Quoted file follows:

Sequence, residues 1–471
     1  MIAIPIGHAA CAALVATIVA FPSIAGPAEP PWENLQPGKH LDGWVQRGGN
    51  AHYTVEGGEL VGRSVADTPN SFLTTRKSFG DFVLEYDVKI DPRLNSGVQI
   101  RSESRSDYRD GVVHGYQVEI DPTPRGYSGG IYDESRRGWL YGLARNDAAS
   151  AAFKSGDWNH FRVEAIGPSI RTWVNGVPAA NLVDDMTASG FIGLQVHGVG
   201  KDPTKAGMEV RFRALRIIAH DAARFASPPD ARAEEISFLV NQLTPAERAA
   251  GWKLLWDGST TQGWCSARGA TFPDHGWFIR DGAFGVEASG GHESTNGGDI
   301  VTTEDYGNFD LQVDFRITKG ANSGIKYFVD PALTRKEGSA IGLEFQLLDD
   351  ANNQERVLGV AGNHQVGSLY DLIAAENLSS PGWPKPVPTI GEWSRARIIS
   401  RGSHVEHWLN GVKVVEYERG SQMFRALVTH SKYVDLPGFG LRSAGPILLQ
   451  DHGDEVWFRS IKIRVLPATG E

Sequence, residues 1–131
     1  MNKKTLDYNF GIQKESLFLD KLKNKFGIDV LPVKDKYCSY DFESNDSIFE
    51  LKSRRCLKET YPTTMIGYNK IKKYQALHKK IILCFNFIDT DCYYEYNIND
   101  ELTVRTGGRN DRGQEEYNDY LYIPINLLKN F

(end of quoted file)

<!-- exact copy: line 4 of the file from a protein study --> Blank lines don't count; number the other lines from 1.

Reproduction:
   101  RSESRSDYRD GVVHGYQVEI DPTPRGYSGG IYDESRRGWL YGLARNDAAS